Editorial: Decision makes California play fair with tribal casinos

"Not long after he took office in 2003, former Gov. Arnold Schwarzenegger offered Indian tribes a deal his administration believed was a win for both sides: They could add hundreds of slot machines to their casinos if they paid a double-digit percentage of their earnings to the state's general fund. Although some tribes leaped at the offer, generating about $350 million a year for the state, the Rincon Band of Luiseño Indians argued that it amounted to an unlawful tax.

The U.S. 9th Circuit Court of Appeals agreed last year, and on Monday the Supreme Court declined to hear the state's challenge to that ruling. The court's move could exacerbate California's budget problems, but it's a narrow and appropriate reading of the law.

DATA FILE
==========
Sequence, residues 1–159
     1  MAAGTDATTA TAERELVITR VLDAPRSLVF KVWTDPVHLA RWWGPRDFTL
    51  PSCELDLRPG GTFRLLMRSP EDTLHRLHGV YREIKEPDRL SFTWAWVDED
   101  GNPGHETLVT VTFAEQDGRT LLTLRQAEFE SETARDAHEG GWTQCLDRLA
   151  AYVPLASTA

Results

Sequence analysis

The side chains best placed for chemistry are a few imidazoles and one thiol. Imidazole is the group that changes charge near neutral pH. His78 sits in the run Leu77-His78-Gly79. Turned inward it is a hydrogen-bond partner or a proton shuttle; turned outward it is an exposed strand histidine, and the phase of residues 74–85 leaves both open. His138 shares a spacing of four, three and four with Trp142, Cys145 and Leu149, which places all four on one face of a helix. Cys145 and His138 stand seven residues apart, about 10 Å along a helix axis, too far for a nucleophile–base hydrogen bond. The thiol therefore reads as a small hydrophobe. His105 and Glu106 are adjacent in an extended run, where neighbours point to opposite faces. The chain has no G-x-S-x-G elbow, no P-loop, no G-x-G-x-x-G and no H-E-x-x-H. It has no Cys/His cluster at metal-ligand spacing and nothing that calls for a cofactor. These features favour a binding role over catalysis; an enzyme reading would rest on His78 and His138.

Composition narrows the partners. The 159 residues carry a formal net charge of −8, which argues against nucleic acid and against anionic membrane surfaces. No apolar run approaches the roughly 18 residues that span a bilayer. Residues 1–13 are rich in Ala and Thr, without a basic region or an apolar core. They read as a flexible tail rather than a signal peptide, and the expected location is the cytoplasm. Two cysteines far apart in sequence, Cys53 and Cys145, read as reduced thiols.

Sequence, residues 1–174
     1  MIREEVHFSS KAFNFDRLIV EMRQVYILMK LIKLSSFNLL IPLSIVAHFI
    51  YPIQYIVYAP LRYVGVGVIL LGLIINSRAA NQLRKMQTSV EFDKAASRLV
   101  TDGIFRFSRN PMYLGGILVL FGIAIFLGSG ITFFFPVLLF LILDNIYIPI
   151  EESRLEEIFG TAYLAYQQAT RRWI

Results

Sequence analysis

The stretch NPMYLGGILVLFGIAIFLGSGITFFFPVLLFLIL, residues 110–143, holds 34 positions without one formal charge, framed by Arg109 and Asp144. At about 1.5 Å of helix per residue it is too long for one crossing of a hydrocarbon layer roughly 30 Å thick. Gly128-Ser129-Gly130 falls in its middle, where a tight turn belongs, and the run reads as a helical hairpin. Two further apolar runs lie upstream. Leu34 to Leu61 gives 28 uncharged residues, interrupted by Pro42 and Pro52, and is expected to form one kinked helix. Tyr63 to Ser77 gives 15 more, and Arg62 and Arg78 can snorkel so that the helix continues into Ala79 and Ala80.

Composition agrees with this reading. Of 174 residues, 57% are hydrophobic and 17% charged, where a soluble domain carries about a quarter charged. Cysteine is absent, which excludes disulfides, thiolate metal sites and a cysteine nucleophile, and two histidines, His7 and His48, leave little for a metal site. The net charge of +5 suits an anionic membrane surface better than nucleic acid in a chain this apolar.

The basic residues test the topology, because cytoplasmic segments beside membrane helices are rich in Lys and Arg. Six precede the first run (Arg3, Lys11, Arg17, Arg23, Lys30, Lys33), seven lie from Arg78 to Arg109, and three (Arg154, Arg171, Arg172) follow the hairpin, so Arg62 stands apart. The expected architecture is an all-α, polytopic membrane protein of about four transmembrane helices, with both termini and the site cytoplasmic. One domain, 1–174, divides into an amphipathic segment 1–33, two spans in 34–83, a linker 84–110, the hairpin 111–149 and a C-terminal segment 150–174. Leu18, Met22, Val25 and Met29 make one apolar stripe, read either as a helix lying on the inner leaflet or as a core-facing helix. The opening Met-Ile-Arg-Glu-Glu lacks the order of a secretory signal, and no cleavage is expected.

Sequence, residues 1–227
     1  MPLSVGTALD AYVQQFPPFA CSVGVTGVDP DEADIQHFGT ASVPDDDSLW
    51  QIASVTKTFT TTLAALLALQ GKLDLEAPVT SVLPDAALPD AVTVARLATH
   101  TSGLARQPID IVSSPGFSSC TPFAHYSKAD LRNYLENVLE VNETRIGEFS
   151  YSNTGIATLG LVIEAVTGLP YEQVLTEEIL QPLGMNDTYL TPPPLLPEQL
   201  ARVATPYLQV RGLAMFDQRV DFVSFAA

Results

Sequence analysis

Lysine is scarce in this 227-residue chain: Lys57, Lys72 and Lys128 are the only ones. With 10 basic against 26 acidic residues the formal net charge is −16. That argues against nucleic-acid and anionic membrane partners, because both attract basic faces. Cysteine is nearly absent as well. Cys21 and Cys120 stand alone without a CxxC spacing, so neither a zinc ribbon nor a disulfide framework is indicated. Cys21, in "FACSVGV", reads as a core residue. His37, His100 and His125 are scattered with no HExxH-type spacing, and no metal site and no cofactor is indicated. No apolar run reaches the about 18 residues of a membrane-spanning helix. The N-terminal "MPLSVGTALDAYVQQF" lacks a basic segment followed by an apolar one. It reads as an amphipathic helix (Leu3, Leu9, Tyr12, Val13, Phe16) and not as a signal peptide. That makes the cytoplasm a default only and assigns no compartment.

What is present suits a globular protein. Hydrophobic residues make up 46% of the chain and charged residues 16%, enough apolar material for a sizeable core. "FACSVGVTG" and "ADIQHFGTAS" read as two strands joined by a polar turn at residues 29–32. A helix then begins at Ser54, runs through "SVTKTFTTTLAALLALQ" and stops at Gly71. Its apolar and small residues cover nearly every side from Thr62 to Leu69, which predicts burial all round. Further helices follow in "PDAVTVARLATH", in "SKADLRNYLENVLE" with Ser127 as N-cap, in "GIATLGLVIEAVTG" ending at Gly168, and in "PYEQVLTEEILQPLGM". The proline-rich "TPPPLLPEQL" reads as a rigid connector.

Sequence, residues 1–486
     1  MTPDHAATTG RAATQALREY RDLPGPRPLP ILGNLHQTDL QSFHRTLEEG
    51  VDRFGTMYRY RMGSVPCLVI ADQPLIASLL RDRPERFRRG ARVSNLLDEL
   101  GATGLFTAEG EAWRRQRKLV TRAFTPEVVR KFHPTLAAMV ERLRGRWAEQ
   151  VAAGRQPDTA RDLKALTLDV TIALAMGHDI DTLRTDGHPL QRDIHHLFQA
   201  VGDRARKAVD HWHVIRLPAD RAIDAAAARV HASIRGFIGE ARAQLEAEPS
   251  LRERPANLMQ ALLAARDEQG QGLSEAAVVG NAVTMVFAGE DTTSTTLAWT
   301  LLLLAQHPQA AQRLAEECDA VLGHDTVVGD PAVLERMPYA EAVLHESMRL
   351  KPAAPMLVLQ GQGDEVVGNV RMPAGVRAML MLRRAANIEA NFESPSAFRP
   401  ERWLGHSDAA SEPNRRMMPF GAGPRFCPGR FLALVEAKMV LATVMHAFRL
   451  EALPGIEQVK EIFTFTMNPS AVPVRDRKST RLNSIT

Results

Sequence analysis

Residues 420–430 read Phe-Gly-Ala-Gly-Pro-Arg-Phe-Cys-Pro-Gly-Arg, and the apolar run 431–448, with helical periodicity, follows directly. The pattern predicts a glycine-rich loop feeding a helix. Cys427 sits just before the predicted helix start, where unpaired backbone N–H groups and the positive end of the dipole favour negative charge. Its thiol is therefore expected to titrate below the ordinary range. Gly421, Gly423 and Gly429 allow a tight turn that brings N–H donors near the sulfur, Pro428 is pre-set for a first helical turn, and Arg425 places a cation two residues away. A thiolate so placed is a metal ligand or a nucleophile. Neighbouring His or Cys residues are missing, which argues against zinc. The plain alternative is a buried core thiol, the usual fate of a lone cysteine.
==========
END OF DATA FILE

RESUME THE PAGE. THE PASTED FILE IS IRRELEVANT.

When the Rincon Band sought to amend its compact to add more slot machines, the Schwarzenegger administration offered a deal that was, by the state's own calculation, heavily tilted in its favor: Of the $40 million in annual revenue generated by the 900 additional slot machines, $38 million would go to the state. The only "concession" offered by the administration was a promise that the Rincon Band wouldn't have to compete with non-tribal casinos, a guarantee the state Constitution already provided."

Get the Story:
Editorial: Play fair with Indian casinos (The Los Angeles Times 6/28)

9th Circuit Decision:
Rincon Band v. Schwarzenegger (April 20, 2010)

Related Stories:
Supreme Court won't hear Rincon Band gaming compact case (6/27)
DOJ submits brief to Supreme Court in Rincon gaming case (5/25)
Rincon Band compact case still pending at Supreme Court (5/23)
Supreme Court asks DOJ for views in Rincon Band compact case (12/14)